Share

Amazing Lightning Stories Recently

Jon Erdman
Published: May 11, 2013

An Electric Gulf Coast!

Hourly rate of cloud-to-ground lightning strikes associated with twin thunderstorm clusters on the morning of May 10, 2013.

Recently, while severe thunderstorms have produced hail, high winds, a few tornadoes, and local flash flooding, one could argue the most compelling stories over the last week or so have been due to lightning.  Let's recount these factoids:

1) Incredible lightning rates

The map above is a screengrab of radar and lightning strikes from Friday morning, May 10, 2013.  You'll notice two main clusters of thunderstorms, one from western Alabama to Louisiana and a second in central Texas.  

Hourly cloud-to-ground lightning flash rates in the two clusters exceeded 5,000 per hour!  These thunderstorm clusters, known as "mesoscale convective systems" (MCS), common to the South and Midwest particularly in late spring and summer, are well-known, prolific lightning producers (not to mention crucial for summer rainfall in the Plains).

The central Texas MCS then surged east into the Houston metro area by late morning, producing flooding rainfall and, yes, frequent cloud-to-ground lightning.  All told, this tweet from the National Weather Service office was perhaps the most stunning of all.

It is estimated lightning strikes the Earth about 100 times each second.  According to a 2004 study by Krider and Kehoe, North America experiences around 30 million cloud-to-ground lightning strikes each year, on average.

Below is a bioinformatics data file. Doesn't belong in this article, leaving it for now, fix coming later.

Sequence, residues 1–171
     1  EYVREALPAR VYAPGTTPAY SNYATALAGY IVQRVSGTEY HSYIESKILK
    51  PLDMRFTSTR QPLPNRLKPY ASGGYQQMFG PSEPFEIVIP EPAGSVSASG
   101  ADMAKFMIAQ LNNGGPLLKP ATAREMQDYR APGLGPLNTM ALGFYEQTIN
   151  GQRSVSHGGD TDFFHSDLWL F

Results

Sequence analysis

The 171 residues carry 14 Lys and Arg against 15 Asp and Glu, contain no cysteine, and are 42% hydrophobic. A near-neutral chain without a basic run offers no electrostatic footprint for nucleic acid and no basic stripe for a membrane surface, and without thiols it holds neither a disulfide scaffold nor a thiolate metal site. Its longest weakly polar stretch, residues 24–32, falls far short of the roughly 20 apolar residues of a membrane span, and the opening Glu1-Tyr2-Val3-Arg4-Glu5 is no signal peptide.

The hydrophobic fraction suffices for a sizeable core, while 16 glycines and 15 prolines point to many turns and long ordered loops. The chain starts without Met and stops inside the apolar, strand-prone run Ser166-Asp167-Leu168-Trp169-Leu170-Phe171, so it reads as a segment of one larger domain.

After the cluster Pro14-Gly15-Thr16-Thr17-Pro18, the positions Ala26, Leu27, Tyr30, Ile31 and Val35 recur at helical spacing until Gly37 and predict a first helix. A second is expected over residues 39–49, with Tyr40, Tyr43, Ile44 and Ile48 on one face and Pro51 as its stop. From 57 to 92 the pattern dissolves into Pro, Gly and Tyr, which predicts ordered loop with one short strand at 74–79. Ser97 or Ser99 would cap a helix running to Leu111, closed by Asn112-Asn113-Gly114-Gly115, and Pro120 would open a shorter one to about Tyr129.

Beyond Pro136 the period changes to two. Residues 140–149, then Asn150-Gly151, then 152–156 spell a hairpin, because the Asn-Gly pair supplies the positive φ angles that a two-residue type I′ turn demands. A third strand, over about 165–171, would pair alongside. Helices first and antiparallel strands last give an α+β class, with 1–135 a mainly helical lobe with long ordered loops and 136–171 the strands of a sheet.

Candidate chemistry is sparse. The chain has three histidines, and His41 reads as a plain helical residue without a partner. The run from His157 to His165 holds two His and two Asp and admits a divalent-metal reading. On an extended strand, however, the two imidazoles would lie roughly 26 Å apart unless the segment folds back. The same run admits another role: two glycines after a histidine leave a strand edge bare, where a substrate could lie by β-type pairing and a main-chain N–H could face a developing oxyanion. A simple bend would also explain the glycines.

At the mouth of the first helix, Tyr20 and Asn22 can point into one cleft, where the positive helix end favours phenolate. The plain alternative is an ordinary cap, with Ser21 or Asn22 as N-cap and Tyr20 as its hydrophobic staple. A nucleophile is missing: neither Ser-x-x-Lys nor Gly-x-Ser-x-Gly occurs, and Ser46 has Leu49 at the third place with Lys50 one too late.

It wasn't just the lightning rates that were amazing.  Next, let's see what lightning strikes left in their wake.


Featured Blogs

Which Hurricane Model Should You Trust?

By Dr. Jeff Masters
August 21, 2014

In 2013 the official NHC forecast for Atlantic storms was better than any individual computer models at most forecast time periods, although NOAA's HWRF model did slightly better than the NHC official forecast for 5-day forecasts. Once again, the European Center (ECMWF) and GFS models were the top performers, when summing up all track forecasts made for all Atlantic named storms.

July 2014 Global Weather Extremes Summary

By Christopher C. Burt
August 19, 2014

July was the 4th warmest such since 1880 according to NOAA and the 11th warmest according to NASA data (the difference in assessments is due to several factors which I’ll discuss in a future blog). It was unusually cool in the central portion of the U.S. while record warmth was observed in parts of the U.S. Northwest, Scandinavia and the Baltic nations. Several powerful typhoons made landfall in East Asia and Hurricane Arthur took a swipe at North Carolina.

Live Blog: Tracking Hurricane Arthur as it Approaches North Carolina Coast

By Shaun Tanner
July 3, 2014

This is a live blog set up to provide the latest coverage on Hurricane Arthur as it threatens the North Carolina Coast. Check back often to see what the latest is with Arthur. The most recent updates are at the top.

Tropical Terminology

By Stu Ostro
June 30, 2014

Here is some basic, fundamental terminology related to tropical cyclones. Rather than a comprehensive and/or technical glossary, this represents the essence of the meaning & importance of some key, frequently used terms.

2013-14 - An Interesting Winter From A to Z

By Tom Niziol
May 15, 2014

It was a very interesting winter across a good part of the nation from the Rockies through the Plains to the Northeast. Let's break down the most significant winter storms on a month by month basis.

What the 5th IPCC Assessment Doesn't Include

By Angela Fritz
September 27, 2013

Melting permafrost has the potential to release an additional 1.5 trillion tons of carbon into the atmosphere, and could increase our global average temperature by 1.5°F in addition to our day-to-day human emissions. However, this effect is not included in the IPCC report issued Friday morning, which means the estimates of how Earth's climate will change are likely on the conservative side.